Panorama Mountain Village was awarded Resort of the Year by the B.C. Alpine Association. This is the second time the prestigious award has come to the resort. It also picked up the trophy in 2007.
MAN DIES IN RCMP CUSTODY
A 58 year-old man died in RCMP custody in Fairmont on May 11. The BC Coroners Service and members of the Port Moody Police department were investigating the death. No further details of the case were made public at the time, as the investigation was ongoing.
Julie and the late Bill McIntosh were named Invermere’s citizens of the year. The award is handed out annually by the Rotary Club of Invermere and goes to a member of the community who fulfils Rotary’s motto of “Service above self.” Bill was a founding member of the Rockies hockey team, and he and Julie dedicated much of their time to supporting community activities.
Later in the year Bill would receive a second honour, when Invermere’s annual bull riding event was re-named the Bill McIntosh Memorial Bull Riding in the Rockies.
WATER FOR WINDERMERE?
The RDEK pitched a water system upgrade to Windermere residents at a May 17 open house. The upgrade, to be voted on June 25, would see the community purchase treated water in bulk from a private company. Windermere’s current water system didn’t comply with Interior Health standards. Reactions to the proposal were mixed.
LAKE WATER OKAY
After five years of lake water testing, results of the Lake Windermere Project were released to the public. The tests showed the lake’s water quality was mainly good, but members of the Lake Windermere Ambassadors stressed that lake users should not become complacent.
IH ADDS BEDS AT COLUMBIA GARDENS
Interior Health signed off on 34 new residential care beds for Invermere, as part of an expansion of Columbia Garden Village. Construction was slated to begin in September, with completion set for summer of 2012. The new beds would give the community a ratio of 75 beds per 1,000 people over the age of 75, the Interior Health standard.
TWO YEAR-OLD DIES IN TRAGIC ACCIDENT
A two year-old Invermere boy drowned at a campsite on Cartwright Lake, RCMP reported. According to police, the family lost sight of the young boy for a brief time. He was located close to shore, having fallen into shallow water. The boy was evacuated to the Children’s Hospital in Calgary, but was pronounced dead in the early hours of July 11.
A WRENCH IN WINDERMERE WATER PLAN
With the vote on Windermere’s new water system just 10 days away, a group of residents pulled together a meeting to discuss other alternatives.
The RDEK was hoping to see the town agree to buy bulk, treated water from a private utility, but retired water consultant Steve Lacky suggested the community could build a new water treatment plan in its former fire hall. Lacky said the move could lower water costs and cost the regional district less overall than the current plan.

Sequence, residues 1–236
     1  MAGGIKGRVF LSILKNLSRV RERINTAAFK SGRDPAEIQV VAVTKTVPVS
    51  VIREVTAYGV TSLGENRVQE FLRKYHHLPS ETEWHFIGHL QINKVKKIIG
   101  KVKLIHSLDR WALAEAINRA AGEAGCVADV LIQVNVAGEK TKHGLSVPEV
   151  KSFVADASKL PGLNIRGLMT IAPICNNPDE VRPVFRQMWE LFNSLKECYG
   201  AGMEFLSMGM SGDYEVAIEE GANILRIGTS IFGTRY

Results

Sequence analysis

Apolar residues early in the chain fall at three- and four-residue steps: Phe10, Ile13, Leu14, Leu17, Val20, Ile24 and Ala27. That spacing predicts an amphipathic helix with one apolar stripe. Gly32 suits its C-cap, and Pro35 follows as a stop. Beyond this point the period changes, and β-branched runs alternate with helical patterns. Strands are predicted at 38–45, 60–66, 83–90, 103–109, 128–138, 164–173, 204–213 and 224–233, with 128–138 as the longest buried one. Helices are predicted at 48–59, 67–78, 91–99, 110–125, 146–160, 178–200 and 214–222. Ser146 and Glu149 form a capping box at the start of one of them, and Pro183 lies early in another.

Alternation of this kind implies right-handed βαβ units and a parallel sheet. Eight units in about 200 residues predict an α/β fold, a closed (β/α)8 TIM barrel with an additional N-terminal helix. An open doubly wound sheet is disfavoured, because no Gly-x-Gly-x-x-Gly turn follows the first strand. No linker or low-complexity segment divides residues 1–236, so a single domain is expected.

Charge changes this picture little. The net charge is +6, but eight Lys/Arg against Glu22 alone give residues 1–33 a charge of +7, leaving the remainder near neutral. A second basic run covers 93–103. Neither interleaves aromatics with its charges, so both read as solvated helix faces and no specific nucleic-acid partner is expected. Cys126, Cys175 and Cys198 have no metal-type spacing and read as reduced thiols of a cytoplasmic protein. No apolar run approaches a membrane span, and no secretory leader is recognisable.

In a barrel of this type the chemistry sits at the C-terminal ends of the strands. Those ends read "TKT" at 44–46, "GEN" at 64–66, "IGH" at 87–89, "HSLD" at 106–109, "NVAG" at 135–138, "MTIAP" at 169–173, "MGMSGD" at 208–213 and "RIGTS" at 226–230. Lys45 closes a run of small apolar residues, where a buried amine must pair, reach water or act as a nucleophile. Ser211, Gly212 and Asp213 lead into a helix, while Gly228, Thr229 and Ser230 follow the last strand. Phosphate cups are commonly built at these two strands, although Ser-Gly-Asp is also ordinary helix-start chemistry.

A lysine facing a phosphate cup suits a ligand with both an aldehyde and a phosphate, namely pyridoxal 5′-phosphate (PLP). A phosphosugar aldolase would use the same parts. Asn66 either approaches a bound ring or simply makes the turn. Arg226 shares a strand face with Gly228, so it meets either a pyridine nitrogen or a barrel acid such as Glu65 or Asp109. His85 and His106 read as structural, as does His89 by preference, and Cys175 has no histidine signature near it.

The RDEK fired back at the proposal a week later.
Area F director Wendy Booth told The Valley Echo the new proposal would likely not meet Interior Health water treatment standards because it lacked proper discharge for sewage water. She also questioned whether fire hall neighbours would be willing to live near a water treatment plant.
“There is a ton of misinformation,” Booth added. “I think you have to go back to the proposal that the RDEK has put forward.”
That community was due to vote on the RDEK’s plan at the end of the week.
When votes were counted, it was turned down by the majority of Windermere residents.
The Valley Echo‘s annual Giving Back Golf Tournament was a rousing success. The June 26 event raised almost $14,000 for the Invermere Companion Animal network, which houses cats and other small animals while they await adoption.
NEW FINES FROM DOI
The District of Invermere added some teeth to many of its bylaws, introducing a municipal ticketing system for a host of violations, such as failing to obtain a business license (first fine $150), or having an unsightly property ($250). District staff stressed the tickets were meant as a “last resort,” which appeared to be in keeping with past practices.
The district has been able to ticket violators of its dog, noise and signage bylaws since 2001, and had given out less than 10 tickets in that time.
TEACHERS VOTE FOR STRIKE ACTION
Valley teachers voted in favour of fall strike action, falling in line with their colleagues around the province. When classes resumed, teachers would begin a “teach only” campaign, with no administrative work planned.
At the end of 2011, this strike action was still ongoing, most noticeably when teachers did not issue formal report cards at the usual time.
POWER SURGE DAMAGE RALLIES COMMUNITY
Brisco residents packed into their community hall after a June 30 power surge cause mass electrical damage in area homes.
The damage came after a tree hit a BC hydro line, blacking out 12,000 homes in the valley. Those closest to the downed tree reported damage to household wiring, appliances and, in one case, an older model hot tub. A BC Hydro rep was on hand to explain what had happened.
After an investigation through the summer, the utility eventually agreed to compensate homeowners somewhat for the damage, but Warner Einer of the Brisco rec board, who became a spokesman for the group, said he doubted it would cover the cost to those facing major repairs and replacements.
Invermere’s problem deer were a hot topic at district council once again, as the Urban Deer Committee struck to study the problem ungulates released its final report.